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Chapter XX.—The Events which took Place in Jerusalem during the Reign of Nero.

1. Josephus again, in the twentieth book of his Antiquities, relates the quarrel which arose among the priests during the reign of Nero, while Felix was procurator of Judea.

2. His words are as follows460460    Jos. Ant. XX. 8. 8. Felix showed himself throughout very mean and cruel, and his procuratorship was marked with continual disturbances.: “There arose a quarrel between the high priests on the one hand and the priests and leaders of the people of Jerusalem on the other.461461    This disturbance arose toward the end of Felix’s term, under the high priest Ishmael, who had been appointed by Agrippa but a short time before. No cause is given by Josephus for the quarrel. And each of them collected a body of the boldest and most restless men, and put himself at their head, and whenever they met they hurled invectives and stones at each other. And there was no one that would interpose; but these things were done at will as if in a city destitute of a ruler.

3. And so great was the shamelessness and audacity of the high priests that they dared to send their servants to the threshing-floors to seize the tithes due to the priests; and thus those of the priests that were poor were seen to be perishing of want. In this way did the violence of the factions prevail over all justice.”

4. And the same author again relates that about the same time there sprang up in Jerusalem a certain kind of robbers,462462    B. J.II. 13. 3. These open robberies and murders, which took place in Jerusalem at this period, were in part a result of the conduct of Felix himself in the murder of Jonathan (see the next note). At least his conduct in this case started the practice, which was kept up with zeal by the ruffians who were so numerous at that time. “who by day,” as he says, “and in the middle of the city slew those who met them.”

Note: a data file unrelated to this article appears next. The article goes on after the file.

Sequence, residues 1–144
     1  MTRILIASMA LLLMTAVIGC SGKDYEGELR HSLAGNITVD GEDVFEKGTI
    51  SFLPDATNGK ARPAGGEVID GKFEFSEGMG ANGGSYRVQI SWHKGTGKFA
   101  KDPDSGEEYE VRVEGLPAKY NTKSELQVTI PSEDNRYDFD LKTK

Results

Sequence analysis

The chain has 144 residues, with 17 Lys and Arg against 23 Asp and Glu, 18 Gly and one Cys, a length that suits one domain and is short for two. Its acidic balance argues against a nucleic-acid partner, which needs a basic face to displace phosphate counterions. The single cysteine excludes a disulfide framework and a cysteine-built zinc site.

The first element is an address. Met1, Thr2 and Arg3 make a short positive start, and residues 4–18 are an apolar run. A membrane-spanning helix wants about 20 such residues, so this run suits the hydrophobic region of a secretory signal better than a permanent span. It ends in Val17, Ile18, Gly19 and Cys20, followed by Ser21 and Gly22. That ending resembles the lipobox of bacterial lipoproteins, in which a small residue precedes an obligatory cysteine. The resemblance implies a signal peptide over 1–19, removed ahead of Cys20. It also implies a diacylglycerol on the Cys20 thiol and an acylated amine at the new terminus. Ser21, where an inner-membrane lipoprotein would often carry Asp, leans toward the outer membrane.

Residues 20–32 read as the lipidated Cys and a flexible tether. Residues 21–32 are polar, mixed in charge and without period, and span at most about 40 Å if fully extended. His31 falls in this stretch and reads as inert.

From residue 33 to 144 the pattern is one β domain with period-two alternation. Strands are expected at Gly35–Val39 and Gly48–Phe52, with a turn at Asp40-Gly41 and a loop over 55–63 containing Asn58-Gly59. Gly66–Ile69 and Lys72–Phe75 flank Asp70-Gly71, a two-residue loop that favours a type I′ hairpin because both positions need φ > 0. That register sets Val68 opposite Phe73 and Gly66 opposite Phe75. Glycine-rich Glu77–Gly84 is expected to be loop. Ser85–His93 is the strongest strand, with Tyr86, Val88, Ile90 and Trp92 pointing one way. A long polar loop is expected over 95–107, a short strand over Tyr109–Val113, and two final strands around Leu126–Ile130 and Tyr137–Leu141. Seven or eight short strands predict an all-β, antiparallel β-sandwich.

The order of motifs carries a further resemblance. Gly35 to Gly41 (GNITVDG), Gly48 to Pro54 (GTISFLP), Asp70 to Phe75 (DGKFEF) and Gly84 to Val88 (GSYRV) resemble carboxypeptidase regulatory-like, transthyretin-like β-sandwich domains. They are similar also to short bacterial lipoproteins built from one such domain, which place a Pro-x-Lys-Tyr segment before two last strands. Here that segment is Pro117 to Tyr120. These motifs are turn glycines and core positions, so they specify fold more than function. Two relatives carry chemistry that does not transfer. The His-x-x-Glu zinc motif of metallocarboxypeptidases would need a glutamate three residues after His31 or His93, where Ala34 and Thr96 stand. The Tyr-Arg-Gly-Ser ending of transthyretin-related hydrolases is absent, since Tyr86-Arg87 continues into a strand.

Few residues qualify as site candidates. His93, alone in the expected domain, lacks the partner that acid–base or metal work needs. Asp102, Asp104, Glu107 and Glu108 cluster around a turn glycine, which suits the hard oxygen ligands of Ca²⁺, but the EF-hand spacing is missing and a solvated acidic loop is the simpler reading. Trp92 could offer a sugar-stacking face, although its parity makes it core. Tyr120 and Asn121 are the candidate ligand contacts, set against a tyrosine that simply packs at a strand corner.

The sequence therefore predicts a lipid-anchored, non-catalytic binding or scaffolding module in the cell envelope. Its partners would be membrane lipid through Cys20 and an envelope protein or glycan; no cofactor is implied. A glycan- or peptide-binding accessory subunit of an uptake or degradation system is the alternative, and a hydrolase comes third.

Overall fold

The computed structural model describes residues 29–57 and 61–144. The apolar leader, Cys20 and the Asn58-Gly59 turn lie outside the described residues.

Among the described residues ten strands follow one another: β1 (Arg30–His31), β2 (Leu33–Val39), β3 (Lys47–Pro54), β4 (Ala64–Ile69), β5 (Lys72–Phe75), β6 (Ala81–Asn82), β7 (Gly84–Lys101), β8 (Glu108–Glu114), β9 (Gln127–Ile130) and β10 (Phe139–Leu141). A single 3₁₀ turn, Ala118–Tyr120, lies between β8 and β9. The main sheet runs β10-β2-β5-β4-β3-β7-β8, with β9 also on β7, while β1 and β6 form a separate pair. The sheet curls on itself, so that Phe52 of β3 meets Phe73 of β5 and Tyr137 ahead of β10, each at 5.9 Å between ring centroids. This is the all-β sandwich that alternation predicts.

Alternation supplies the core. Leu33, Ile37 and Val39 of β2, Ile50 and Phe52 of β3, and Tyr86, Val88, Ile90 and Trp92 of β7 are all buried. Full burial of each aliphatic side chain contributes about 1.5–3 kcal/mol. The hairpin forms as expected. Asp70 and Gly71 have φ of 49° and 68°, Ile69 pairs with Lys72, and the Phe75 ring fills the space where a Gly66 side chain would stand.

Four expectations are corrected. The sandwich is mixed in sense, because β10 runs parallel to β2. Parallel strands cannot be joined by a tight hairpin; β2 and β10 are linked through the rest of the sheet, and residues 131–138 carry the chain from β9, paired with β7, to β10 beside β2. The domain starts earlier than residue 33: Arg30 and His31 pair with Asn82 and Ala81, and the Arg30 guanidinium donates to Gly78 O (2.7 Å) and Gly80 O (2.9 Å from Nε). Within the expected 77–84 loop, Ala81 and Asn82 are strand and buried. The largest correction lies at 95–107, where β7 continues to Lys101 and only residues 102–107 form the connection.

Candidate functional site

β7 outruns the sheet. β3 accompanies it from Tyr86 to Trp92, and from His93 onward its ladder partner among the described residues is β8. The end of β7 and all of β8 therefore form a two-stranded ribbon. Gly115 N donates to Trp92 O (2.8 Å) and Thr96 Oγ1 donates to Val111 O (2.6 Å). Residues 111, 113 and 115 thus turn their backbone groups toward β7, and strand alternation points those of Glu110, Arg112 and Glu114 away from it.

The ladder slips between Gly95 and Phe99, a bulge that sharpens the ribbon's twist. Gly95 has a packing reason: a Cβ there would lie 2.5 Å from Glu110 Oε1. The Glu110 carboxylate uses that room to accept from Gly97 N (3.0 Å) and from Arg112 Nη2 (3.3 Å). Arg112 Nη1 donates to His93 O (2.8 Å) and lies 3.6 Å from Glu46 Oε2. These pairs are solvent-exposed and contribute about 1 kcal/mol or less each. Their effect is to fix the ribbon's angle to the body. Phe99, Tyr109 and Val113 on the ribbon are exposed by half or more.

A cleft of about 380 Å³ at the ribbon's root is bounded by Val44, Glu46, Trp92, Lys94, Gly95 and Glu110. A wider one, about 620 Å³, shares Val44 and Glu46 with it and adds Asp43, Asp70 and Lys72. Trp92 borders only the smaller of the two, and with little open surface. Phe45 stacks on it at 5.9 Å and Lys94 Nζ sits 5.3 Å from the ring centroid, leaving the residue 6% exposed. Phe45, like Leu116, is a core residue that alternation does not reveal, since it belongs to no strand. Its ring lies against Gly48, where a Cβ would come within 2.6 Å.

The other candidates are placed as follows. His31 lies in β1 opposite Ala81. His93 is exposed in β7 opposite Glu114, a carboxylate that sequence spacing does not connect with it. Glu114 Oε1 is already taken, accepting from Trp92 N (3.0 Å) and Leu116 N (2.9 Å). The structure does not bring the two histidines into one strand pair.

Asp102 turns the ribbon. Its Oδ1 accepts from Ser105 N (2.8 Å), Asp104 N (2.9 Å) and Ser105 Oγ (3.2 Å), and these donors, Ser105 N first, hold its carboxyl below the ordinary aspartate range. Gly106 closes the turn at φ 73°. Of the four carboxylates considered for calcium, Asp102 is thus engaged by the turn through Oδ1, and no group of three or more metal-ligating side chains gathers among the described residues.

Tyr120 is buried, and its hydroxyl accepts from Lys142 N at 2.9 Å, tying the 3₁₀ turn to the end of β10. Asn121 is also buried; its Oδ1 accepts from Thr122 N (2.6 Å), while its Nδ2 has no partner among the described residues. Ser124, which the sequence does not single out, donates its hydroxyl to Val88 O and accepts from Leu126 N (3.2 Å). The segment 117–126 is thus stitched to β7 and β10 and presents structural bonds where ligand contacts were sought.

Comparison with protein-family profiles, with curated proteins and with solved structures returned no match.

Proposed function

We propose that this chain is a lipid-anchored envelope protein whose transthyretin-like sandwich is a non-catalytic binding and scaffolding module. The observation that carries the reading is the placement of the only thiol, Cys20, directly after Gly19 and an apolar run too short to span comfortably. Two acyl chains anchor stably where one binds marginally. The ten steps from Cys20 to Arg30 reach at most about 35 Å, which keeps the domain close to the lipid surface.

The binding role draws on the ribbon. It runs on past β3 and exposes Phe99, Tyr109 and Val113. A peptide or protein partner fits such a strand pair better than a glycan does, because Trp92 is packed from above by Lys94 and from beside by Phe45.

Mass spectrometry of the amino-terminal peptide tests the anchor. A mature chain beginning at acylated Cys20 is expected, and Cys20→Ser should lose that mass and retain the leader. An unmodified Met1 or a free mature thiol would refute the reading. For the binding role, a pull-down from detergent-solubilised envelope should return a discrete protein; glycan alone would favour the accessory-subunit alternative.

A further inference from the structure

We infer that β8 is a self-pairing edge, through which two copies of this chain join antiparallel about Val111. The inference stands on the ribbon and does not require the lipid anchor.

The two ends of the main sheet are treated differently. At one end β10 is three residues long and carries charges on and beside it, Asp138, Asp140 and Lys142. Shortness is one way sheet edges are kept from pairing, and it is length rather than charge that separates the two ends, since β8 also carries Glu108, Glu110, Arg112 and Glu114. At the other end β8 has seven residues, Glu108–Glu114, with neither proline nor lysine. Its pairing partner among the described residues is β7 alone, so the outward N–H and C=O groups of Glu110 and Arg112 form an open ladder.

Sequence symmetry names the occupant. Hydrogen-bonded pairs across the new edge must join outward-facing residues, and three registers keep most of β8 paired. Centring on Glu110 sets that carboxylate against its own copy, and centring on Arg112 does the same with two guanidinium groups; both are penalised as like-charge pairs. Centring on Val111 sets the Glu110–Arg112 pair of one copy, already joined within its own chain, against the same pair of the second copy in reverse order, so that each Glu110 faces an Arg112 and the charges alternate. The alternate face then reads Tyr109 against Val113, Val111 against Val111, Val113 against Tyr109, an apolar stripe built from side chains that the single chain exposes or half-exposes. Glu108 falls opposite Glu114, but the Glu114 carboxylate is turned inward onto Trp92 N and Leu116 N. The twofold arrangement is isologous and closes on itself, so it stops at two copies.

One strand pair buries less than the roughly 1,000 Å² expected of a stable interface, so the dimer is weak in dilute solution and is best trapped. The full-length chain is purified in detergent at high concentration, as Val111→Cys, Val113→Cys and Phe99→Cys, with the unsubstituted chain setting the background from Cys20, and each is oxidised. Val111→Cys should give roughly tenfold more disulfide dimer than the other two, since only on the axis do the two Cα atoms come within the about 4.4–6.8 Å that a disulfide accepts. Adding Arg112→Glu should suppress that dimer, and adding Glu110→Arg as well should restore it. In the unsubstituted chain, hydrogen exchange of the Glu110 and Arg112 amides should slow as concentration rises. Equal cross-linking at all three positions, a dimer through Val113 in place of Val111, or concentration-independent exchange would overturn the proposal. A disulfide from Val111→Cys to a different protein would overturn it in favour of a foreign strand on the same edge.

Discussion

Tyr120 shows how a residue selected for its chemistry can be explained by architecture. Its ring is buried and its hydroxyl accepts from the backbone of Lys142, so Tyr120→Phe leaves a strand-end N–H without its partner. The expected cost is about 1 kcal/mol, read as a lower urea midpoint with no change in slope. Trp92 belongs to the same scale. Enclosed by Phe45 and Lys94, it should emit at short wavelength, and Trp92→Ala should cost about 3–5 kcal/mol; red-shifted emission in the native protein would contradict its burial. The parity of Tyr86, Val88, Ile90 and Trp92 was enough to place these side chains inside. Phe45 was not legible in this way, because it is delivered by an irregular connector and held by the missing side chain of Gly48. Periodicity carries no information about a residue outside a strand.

5. For, especially at the feasts, they mingled with the multitude, and with short swords, which they concealed under their garments, they stabbed the most distinguished men. And when they fell, the murderers themselves were among those who expressed their indignation. And thus on account of the con123fidence which was reposed in them by all, they remained undiscovered.

6. The first that was slain by them was Jonathan the high priest;463463    This high priest, Jonathan, had used his influence in procuring the appointment of Felix as procurator, and was therefore upon intimate terms with him, and took the liberty of advising and rebuking him at pleasure; until at last he became so burdensome to Felix that he bribed a trusted friend of Jonathan to bring about his murder. The friend accomplished it by introducing a number of robbers into the city, who, being unknown, mingled freely with the people and slew Jonathan and many others with him, in order to turn away suspicion as to the object of the crime. See Jos. Ant. XX. 8. 5. Josephus has omitted to mention Jonathan’s appointment to the high priesthood, and this has led Valesius to conclude that he was not really a high priest, but simply one of the upper class of priests. But this conclusion is unwarranted, as Josephus expressly calls him the high priest in the passage referred to (cf. also the remarks of Reland, quoted in Havercamp’s ed. of Josephus, p. 912). Wieseler (p. 77, note) thinks that Jonathan was not high priest at this time, but that he had been high priest and was called so on that account. He makes Ananias high priest from 48 to 57, quoting Anger, De temporum in Act. Ap. ratione. and after him many were killed every day, until the fear became worse than the evil itself, each one, as in battle, hourly expecting death.

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